Biology Faculty Articles

Title

Ecology and Evolution of Phenotypic Plasticity in the Penis and Cirri of Barnacles

Document Type

Article

Publication Date

9-23-2016

Publication Title

Integrative and Comparative Biology

ISSN

1540-7063

Volume

56

Issue/No.

4

First Page

728

Last Page

740

Abstract

Most barnacles are sessile, simultaneous hermaphrodites that reproduce by copulation. This is achieved through the extension of a muscular penis, famous for being the proportionally largest in the animal kingdom. The penis is a long cylindrical or conical organ, composed of a series of folded rings, allowing it to stretch to great lengths. The penises are covered with chemosensory setae allowing them to seek out receptive neighbors. For many species, the condition of the penis changes seasonally. In the most extreme circumstances, it degenerates and is shed during the first post-mating molt and is re-grown for the next mating season. Barnacle penises have been shown to exhibit phenotypic plasticity in response to many different challenges. When exposed to heavy waves, diameter is increased by thickening both the cuticle and muscles. When mates are far, length increases by adding ringed annulations. Experiments have shown that these plastic traits are modular, capable of changing independently from each other and that they improve mating ability. Alternate strategies to increase reproductive ability by barnacles include the production of dwarf and complemental males, sperm casting and sperm leakage, and aerial copulation. All of these mating strategies may have important implications for the study of reproductive biology, life history, and sex allocation theory.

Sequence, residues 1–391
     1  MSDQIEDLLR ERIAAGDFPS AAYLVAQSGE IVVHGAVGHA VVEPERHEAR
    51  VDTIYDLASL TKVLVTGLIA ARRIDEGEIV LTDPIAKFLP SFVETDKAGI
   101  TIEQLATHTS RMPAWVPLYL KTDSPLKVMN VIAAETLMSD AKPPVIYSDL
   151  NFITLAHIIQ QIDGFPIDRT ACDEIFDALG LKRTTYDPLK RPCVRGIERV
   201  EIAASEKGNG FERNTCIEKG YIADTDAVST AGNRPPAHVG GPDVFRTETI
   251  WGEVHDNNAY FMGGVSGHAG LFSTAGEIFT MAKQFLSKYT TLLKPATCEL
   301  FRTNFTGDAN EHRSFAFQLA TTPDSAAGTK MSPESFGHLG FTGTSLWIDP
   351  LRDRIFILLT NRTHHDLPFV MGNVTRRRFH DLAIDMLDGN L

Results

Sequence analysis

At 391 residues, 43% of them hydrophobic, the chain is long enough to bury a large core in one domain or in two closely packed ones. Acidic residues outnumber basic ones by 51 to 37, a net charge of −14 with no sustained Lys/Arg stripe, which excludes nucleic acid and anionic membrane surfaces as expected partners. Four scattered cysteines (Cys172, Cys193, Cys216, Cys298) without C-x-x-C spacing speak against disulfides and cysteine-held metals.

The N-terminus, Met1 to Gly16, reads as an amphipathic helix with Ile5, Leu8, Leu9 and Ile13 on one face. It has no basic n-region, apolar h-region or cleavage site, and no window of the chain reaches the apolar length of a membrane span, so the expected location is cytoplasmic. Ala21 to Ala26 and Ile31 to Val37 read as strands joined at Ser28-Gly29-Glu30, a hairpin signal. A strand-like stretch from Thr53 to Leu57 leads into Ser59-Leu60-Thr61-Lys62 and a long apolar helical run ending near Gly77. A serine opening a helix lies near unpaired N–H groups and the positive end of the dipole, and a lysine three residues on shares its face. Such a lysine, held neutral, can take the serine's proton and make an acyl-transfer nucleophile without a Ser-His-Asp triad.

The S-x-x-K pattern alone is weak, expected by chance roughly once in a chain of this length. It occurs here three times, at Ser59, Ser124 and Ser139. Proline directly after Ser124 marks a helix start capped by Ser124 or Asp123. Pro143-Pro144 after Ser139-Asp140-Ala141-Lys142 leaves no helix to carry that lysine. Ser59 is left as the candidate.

Comments

© The Author 2016. Published by Oxford University Press on behalf of the Society for Integrative and Comparative Biology. All rights reserved.

DOI

10.1093/icb/icw006

This document is currently not available here.

Find in your library

Share

COinS